Samiksha Jaiswal (Editor)

Persona: A Biography of Yukio Mishima

Updated on
Share on FacebookTweet on TwitterShare on LinkedInShare on Reddit
Covid-19
8.2/101 Votes Alchetron
8.2
1 Ratings
100
90
81
70
60
50
40
30
20
10
Rate This

Rate This

Language  English
Pages  864 pp
Originally published  November 2012
Genre  Non-fiction
4.1/5 Goodreads

Publication date  November 2012
ISBN  978-1-61172-008-2
Authors  Hiroaki Sato, Naoki Inose
Publisher  Stone Bridge Press
Persona: A Biography of Yukio Mishima t0gstaticcomimagesqtbnANd9GcQ0x8e9q1wQZV679R
Similar  Hiroaki Sato books, Other books

Persona: A Biography of Yukio Mishima is a 2012 biography of Yukio Mishima written by Naoki Inose with Hiroaki Sato, and published by Stone Bridge Press. It is an expanded adaptation in English of Inose's 1995 Mishima biography, Persona: Mishima Yukio den, published by Bungeishunjū in Tokyo, Japan.

Contents

Table of Contents

  • Prologue
  • Peasant Ancestors and Grandfather
  • Samurai Ancestors and Grandmother
  • "The Boy Who Writes Poems"
  • Literary Correspondents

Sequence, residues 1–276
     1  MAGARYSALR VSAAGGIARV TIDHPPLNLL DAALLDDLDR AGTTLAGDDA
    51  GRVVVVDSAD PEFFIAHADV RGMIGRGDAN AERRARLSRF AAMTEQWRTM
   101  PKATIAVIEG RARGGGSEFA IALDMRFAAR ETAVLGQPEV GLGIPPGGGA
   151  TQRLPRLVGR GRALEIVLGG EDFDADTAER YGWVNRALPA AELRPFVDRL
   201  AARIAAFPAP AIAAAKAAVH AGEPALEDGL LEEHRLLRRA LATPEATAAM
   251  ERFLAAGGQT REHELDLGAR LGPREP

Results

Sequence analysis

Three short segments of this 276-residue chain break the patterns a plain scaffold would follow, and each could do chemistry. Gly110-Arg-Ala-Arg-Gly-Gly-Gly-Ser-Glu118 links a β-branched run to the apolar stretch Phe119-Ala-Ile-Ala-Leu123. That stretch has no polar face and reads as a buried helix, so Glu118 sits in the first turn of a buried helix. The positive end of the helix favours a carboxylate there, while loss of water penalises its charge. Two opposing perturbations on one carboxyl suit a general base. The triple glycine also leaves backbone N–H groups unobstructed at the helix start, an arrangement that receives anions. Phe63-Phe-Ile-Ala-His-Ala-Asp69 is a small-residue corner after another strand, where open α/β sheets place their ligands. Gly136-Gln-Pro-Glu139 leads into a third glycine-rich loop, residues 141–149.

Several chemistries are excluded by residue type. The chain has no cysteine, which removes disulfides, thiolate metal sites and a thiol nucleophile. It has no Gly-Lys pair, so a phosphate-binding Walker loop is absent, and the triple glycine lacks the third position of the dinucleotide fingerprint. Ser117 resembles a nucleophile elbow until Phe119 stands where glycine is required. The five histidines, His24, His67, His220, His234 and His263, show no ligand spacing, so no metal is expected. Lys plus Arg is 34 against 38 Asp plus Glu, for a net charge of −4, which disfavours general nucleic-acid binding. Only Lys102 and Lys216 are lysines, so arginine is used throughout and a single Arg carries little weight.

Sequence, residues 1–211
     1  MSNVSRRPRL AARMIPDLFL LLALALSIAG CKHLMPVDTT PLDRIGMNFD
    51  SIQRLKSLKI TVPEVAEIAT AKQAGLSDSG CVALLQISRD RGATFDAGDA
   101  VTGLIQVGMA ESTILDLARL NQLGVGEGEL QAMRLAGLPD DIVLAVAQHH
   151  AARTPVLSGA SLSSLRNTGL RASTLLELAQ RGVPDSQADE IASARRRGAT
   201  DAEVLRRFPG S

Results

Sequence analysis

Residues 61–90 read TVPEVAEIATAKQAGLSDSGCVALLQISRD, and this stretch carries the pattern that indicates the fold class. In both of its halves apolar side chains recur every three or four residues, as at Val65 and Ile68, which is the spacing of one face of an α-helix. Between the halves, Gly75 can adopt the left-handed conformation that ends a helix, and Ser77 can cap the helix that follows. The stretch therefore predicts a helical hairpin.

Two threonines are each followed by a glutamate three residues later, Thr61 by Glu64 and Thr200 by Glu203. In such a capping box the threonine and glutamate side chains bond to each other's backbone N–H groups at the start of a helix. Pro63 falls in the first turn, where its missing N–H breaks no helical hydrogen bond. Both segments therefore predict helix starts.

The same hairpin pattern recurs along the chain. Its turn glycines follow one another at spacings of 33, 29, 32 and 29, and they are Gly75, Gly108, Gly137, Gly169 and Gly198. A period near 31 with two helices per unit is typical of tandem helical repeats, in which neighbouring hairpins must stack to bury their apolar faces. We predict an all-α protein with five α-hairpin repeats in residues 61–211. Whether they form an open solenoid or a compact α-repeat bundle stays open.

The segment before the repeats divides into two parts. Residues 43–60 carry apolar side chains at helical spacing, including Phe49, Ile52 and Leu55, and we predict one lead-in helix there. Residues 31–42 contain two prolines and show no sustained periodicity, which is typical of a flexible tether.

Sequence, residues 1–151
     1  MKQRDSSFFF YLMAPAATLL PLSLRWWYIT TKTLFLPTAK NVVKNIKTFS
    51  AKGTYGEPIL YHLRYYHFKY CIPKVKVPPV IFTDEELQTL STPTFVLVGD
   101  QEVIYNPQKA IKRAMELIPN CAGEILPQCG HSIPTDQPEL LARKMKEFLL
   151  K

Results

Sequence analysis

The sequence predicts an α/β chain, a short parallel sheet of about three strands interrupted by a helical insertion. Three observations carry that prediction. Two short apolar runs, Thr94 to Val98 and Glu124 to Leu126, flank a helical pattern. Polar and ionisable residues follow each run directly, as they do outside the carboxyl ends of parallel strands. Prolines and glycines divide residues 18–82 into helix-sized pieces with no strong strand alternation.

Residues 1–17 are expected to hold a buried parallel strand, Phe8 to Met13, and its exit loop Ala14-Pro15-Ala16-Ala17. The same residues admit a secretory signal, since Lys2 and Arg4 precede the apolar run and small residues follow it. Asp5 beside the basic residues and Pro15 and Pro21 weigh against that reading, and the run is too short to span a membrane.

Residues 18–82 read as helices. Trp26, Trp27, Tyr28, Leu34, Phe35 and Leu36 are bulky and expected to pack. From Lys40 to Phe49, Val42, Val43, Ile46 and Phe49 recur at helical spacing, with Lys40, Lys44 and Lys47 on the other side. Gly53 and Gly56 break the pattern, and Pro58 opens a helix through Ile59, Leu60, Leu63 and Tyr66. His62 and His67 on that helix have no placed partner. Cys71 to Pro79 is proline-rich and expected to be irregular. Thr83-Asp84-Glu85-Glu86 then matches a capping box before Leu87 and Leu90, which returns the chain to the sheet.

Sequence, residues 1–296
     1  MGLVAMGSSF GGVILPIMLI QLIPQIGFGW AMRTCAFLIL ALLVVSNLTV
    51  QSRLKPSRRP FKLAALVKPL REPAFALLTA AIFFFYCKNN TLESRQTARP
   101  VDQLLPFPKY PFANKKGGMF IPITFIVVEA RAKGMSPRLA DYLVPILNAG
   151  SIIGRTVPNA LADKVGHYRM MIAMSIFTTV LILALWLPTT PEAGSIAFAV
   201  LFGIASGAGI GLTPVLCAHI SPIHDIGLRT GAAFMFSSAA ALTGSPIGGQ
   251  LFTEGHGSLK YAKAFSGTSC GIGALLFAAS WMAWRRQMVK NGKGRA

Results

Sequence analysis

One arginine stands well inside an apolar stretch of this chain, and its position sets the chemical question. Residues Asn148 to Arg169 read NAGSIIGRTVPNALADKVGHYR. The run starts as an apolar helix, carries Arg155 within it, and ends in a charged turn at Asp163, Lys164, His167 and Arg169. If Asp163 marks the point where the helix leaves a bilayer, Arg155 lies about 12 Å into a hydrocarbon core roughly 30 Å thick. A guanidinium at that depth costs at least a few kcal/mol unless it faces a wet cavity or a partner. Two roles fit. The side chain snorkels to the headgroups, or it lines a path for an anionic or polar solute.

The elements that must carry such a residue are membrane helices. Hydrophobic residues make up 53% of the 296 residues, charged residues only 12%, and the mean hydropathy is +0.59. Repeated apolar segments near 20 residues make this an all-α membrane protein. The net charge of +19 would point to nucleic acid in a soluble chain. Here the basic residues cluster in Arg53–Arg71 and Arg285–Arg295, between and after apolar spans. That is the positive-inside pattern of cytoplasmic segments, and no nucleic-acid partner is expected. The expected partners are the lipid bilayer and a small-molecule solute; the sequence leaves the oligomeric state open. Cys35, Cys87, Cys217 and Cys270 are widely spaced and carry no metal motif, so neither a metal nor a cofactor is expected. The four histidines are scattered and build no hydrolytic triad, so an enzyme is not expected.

• First Love
  • The War and Its Aftermath
  • To Be a Bureaucrat or a Writer
  • Confessions
  • Boyfriends, Girlfriends
  • Going Overseas
  • The Girlfriend
  • The Kinkakuji
  • Overseas Again
  • Marriage
  • Kyoko's House
  • The 2.26 Incident, Yukoku
  • Assassinations
  • Contretemps
  • The Nobel Prize
  • Shinpuren, Men of the Divine Wind
  • "The Way of the Warrior is to die"
  • Death in India
  • The Anti-Vietnam War Movement
  • Sun and Steel
  • The Shield Society, Counterrevolution
  • The Yakuza
  • Wang Yangming: "To know is to act"
  • The Constitution
  • Hailstones, Ghouls, Golden Death
  • Toward Ichigaya
  • The Seppuku
  • Epilogue
  • Reception

    After the book's release in 2012, it garnered positive reviews from the press. Paul McCarthy of The Japan Times said, "Those who are interested in the brilliantly gifted writer of mid-20th century Japan who is its subject will learn much from this volume, and should be stimulated to go back and read, or re-read, what Yukio Mishima has left us." Allan Massie, writing for The Wall Street Journal, said, "Mr. Inose doesn't attempt to explain Mishima's grisly end—it may be that the Japanese reader needs no such explanation—but does show him to have been an extraordinary man, in many respects a sympathetic one, and a writer of extraordinary range."

    References

    Persona: A Biography of Yukio Mishima Wikipedia


    Topics
     
    B
    i
    Link
    H2
    L